The issue at stake at the moment is: who will head the national salvation government? Meaning, who will replace current Prime-Minister Ali Laareyedh (Ennahda)? As mentioned in my previous post this one of several issues that need be solved for the current political crisis to end. Another one to be solved is; what should be done with parliament that is almost finished with writing the new constitution?
Let’s start with the first issue, who will head the national salvation government, which has been widely discussed in the media and social media last days. Negotiations and propositions between different political parties and alliances have taken place on a daily scale about who should head the next government. First the rumor spread that a woman might head the national salvation government, Wided Bouchamaoui (see picture above). She is the president of the Tunisian Union of Industry and Commerce, also known by its French acronym as UTICA, and was awarded two months ago the “best Arab woman entrepreneur 2013” . However, she was quick to deny the rumor and pointed out that she will not quit her current job nor does she want to be involved in politics.
According to some news websites, president Marzouki will appoint Wednesday an independent candidate to be the new Prime-Minister and the current one (Ali Laareyedh from Ennahda) and Minister of Interior (Ben Jeddou, independent) will become presidential advisors. It is difficult to verify this report since information is scarce and it seems that all parties involved in the negotiations make sure nothing is leaked.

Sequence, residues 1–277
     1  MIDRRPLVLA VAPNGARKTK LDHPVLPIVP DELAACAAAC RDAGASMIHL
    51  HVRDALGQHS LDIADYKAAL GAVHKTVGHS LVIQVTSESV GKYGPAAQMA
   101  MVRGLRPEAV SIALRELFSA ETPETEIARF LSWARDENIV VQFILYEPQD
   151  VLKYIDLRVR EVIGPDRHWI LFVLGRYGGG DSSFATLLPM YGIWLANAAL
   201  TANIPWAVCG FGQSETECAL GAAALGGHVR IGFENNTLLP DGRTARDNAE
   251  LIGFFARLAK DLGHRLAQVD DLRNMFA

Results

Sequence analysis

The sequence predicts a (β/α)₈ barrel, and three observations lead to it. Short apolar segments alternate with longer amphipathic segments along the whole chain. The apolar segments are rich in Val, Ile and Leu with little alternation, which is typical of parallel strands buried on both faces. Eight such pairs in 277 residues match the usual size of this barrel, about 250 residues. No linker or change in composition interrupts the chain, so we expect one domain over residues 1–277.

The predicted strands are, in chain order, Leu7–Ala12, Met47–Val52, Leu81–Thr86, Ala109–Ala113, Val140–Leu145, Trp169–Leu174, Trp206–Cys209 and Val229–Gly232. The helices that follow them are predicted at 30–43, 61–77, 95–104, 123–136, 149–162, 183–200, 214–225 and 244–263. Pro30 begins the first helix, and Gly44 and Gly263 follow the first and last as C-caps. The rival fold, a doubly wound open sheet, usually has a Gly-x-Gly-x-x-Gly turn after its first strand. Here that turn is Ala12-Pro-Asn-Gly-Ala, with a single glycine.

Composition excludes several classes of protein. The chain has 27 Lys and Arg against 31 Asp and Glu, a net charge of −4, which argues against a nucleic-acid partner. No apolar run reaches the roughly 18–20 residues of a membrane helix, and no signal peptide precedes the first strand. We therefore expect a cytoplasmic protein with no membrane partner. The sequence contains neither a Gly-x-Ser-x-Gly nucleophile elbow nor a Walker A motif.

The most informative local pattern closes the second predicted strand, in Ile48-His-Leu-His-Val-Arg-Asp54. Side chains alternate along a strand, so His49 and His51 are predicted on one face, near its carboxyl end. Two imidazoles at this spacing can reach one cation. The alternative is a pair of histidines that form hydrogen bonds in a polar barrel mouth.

Other candidates & IMF
Some news websites came up with another “proposed” candidate to be head of the national salvation government, former president of the National Bank Mustapha Kamel Nabli. Although that seems highly unlikely to me because he is not considered an independent candidate concerning the fact that he was a minister in the early 90’s under former president Ben Ali’s regime and was last year already replaced by the current Nahda-led government.
What is more evident is the fact that the IMF will be taking a closer look to the development’s in Tunisia after it approved a 1,7 billion dollar loan to “support the authorities’ economic agenda aimed at strengthening fiscal and external buffers, and fostering higher and more inclusive growth.” Of course, Tunisia had to meet certain conditions related to economic reform before the loan was approved by the IMF. A coincedence or not, all of the candidates that have been coming back in the media until now as possible future Prime-Minister’s – although some of them were mere rumors – have all been proponents of a free market with less to non government interference in economic issues.
In the meanwhile, today four militants have been killed by the Tunisian army close to Kassrine in (continuous) security operations along the Tunisia-Algerian border.